Only a few weeks ago, many had never heard of the metaverse, but since Mark Zuckerberg announced the rebranding of Facebook to Meta at the end of October, the metaverse is all over the news. Yesterday, also Microsoft announced their journey into the metaverse, and in the coming weeks, all Big Tech firms will probably follow in some way or another. The more companies that announce their metaverse presence, the more important this successor of the social internet will be. Welcome to the immersive internet. No article on the metaverse is complete without a reference to its origin. The metaverse is a term coined by novelist Neal Stephenson in his 1992 novel "Snow Crash". The novel defines the metaverse as a place where people use virtual reality headsets to interact in a digital game world.
The metaverse (part of Web3, the third iteration of the Internet) continues to generate eye-popping headlines about the billions of dollars being invested and deployed into securing the ownership of certain assets and virtual land. The metaverse land rush parallels the early 1990s (or Web 1.0), when there was a stampede of investors trying to secure a foothold in the early Internet, and many of these early business models were unsuccessful. Viable business models did emerge through Web 2.0, which have become successful franchises in online media, e-commerce and social media, among others. While the metaverse is still in its infancy, already substantial investments suggest that the virtual world presents a sizable opportunity. In this report, we explore the technologies that drive the metaverse and Web3, and their benefits for retailers. We also present notable examples of brands that are exploring the frontier of the metaverse today.
This article was contributed by Will Hayes, CEO of Lucidworks. Adidas, L'Oreal, and even Martha Stewart have already jumped into the metaverse. Retailers see "metaverse" and flashback to twenty years ago when e-commerce kicked off. They prefer not to be the ones launching their first HTML site while the competition is launching their ecommerce platform. The metaverse introduces a new platform, new currency, new opportunities, and new ways to fail.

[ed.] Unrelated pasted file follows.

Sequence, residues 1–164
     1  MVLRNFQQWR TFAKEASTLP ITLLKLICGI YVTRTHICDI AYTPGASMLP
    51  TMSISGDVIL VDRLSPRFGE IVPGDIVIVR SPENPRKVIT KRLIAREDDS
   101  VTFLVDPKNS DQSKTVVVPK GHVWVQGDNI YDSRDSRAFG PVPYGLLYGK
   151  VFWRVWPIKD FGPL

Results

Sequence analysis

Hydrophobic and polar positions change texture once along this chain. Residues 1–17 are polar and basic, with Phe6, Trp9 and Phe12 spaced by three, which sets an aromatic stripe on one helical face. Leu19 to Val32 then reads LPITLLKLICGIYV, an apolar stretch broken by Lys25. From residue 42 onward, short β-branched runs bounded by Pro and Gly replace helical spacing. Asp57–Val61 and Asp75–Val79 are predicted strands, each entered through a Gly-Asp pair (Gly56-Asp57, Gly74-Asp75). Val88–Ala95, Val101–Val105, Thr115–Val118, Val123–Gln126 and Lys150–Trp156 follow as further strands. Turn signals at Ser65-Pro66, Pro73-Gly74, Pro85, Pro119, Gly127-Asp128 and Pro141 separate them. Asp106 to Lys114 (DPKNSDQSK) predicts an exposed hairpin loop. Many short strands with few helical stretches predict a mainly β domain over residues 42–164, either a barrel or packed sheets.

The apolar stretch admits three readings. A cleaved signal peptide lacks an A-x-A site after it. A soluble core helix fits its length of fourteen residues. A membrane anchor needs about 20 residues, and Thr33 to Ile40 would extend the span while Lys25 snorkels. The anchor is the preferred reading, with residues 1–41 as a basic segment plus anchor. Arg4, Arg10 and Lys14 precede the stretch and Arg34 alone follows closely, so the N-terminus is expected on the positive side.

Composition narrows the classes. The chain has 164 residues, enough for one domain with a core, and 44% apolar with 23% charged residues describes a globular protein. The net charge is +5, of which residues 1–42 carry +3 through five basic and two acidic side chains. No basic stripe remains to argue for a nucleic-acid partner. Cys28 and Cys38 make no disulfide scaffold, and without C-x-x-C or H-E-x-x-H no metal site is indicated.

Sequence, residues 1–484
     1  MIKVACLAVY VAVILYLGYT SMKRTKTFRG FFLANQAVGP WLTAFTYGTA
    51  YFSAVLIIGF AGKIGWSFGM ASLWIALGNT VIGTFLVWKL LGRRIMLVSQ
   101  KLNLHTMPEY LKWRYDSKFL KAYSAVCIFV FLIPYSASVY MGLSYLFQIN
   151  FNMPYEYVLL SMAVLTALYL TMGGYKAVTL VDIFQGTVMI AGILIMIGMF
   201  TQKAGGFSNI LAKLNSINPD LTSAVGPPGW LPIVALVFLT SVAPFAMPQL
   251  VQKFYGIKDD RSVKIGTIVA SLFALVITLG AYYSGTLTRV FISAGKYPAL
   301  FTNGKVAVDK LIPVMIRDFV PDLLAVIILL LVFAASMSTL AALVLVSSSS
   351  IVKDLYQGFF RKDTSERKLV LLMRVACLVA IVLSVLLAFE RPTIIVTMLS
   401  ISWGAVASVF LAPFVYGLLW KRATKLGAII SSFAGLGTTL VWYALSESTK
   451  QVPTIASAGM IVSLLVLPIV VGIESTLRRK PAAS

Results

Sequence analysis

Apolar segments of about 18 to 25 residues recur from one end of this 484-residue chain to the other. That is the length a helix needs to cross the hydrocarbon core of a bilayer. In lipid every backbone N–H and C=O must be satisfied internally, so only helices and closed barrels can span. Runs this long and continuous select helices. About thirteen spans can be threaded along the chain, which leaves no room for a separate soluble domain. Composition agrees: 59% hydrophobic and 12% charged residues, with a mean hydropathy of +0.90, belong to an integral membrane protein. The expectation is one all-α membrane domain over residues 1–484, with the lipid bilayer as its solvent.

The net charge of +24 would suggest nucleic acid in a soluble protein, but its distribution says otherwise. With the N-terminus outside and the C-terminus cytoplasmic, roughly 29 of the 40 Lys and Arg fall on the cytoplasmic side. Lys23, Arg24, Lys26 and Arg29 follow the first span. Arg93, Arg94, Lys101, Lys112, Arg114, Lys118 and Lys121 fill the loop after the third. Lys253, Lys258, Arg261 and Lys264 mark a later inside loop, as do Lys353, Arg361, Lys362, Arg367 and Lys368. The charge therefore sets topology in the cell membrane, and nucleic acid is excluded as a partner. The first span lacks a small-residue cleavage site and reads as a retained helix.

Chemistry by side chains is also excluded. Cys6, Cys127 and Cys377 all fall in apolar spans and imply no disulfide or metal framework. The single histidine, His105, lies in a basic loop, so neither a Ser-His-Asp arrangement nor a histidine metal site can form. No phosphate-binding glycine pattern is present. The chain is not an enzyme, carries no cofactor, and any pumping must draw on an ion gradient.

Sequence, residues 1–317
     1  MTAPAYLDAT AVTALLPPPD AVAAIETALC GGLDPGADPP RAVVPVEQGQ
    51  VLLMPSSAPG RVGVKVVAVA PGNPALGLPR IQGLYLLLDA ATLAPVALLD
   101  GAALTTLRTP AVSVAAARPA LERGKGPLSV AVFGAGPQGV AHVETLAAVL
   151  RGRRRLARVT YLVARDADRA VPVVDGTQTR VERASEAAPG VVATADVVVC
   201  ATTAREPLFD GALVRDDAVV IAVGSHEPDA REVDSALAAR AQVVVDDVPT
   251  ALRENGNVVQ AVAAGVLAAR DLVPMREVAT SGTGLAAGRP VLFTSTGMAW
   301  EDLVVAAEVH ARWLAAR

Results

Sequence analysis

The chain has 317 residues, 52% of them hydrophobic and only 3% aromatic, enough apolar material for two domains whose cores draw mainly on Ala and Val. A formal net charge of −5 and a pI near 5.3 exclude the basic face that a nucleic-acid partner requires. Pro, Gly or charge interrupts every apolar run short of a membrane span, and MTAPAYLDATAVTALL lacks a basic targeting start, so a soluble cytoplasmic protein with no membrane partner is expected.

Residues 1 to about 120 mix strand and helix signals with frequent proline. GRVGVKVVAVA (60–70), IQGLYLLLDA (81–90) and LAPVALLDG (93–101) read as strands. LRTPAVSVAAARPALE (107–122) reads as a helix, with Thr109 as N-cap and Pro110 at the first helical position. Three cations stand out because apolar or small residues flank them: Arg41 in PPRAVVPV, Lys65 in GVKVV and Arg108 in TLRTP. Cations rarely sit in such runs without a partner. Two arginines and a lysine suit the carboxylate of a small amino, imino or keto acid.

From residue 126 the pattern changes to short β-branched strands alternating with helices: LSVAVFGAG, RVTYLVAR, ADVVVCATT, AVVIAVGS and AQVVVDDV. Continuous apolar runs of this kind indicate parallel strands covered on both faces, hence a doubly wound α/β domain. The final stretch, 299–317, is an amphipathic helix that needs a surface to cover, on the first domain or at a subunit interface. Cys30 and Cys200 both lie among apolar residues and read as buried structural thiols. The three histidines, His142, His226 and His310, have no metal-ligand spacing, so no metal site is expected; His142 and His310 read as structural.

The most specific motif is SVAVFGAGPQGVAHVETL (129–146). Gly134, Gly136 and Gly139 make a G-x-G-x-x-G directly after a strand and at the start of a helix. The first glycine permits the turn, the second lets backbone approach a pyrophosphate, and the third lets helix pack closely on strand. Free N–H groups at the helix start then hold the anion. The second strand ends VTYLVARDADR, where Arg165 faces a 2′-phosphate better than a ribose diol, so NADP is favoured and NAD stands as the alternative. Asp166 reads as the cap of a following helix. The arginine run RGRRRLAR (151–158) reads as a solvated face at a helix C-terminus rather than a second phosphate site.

Cryptocurrency has had a rough time lately. The elusive digital currency used by investors, gamers, and metaverse early-adopters to purchase NFTs (non-fungible tokens), avatar skins in games like Roblox, and virtual collectible goods has seen a recent downturn from record highs. But while the metaverse's main form of payment and conducting transactions virtually has seen a vast fluctuation in value, many companies are still moving full steam ahead on their plans to plant their stake in the virtual landscape. Everything You Need to Know About Stadium Goods' NYC Block Party Bitcoin, the flagship crypto token, made headlines when its price dropped below $20,000 last month, a value the digital currency hasn't seen since December 2020. This is far lower than its peak in November, when bitcoin prices neared $65,000.
The metaverse is one of the hottest buzzwords in tech, and this far-reaching vision of a next-gen internet will rely upon an entire ecosystem of companies to make it a reality. We cut through the noise to explain what the metaverse is, how it's being built, and who's building it. The business world is obsessed with "the metaverse": the concept of shared worlds driven by virtual products and digital experiences that are highly immersive and interactive. We already have virtual worlds featuring live concerts and online games where players spend hundreds of hours -- but metaverse enthusiasts see a future where entire societies thrive in an online realm inhabited by avatars of real people. While the space is still in early days, the longer-term implications may not be trivial. Some users -- especially younger ones -- may eventually earn, spend, and invest most of their money in digital worlds. The metaverse could represent a $1T market by the end of the decade, according to CB Insights' Industry Analyst Consensus. This dollar potential has caught the attention of players across industries.